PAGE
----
In Brief Using the Dawn spacecraft’s spectrometer, researchers have detected unambiguous evidence of organic materials on the dwarf planet Ceres.
While not definitive proof of life of Ceres, this organic material does makes it more likely, especially when combined with the previous discoveries of water and carbonate minerals.
As scientists ask everyone to help them locate the elusive Planet Nine, researchers involved in NASA’s Dawn mission are hard at work studying the dwarf planet Ceres. Now, researchers have found traces of organic molecules on Ceres using Dawn’s spectrometer to map the dwarf planet’s surface in visible and infrared wavelengths.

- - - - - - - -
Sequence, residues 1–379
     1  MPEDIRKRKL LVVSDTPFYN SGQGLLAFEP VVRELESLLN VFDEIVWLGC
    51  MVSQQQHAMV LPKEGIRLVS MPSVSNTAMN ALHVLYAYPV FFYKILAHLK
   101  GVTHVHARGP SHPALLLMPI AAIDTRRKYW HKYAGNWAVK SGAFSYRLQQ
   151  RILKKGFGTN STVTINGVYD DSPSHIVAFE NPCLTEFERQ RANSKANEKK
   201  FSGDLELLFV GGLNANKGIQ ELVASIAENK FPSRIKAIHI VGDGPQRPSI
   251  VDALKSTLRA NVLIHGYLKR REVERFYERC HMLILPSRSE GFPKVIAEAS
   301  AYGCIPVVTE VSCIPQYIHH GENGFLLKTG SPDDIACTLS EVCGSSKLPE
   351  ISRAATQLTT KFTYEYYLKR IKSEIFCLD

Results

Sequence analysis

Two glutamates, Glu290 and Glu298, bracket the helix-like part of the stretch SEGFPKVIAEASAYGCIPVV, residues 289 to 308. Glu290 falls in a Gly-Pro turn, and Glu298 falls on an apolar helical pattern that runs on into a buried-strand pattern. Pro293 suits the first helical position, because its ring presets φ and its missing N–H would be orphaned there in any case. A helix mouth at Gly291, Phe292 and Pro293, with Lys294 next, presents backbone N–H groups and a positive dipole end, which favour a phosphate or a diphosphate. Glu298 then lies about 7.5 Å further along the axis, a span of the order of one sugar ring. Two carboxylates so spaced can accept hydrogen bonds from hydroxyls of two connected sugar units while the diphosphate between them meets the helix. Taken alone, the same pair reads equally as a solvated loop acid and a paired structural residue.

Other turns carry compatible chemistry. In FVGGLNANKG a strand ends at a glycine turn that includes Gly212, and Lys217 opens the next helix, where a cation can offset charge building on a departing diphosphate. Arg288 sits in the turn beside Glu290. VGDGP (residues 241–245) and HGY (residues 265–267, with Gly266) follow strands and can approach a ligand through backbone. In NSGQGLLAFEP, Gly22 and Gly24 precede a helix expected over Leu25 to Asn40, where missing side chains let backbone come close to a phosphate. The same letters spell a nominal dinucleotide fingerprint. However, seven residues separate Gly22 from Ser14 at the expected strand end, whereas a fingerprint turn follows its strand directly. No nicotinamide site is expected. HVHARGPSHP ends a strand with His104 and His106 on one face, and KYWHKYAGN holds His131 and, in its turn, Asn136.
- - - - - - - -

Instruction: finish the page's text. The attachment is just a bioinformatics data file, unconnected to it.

“What we’ve found on Ceres is probably the most unambiguous detection of organics on any Solar System body other than Earth,” said Carlé Pieters, Dawn mission investigator, in an interview with Brown University.
Organic molecules, such as carbohydrates, nucleic acids, and proteins, are the basic building blocks of life.
Organic materials have previously been found in meteorites and on Mars, and while finding these on Ceres doesn’t mean that there’s life on the dwarf planet, coupled with the discovery of water and carbonate minerals, they do indicate that Ceres is potentially ripe for life.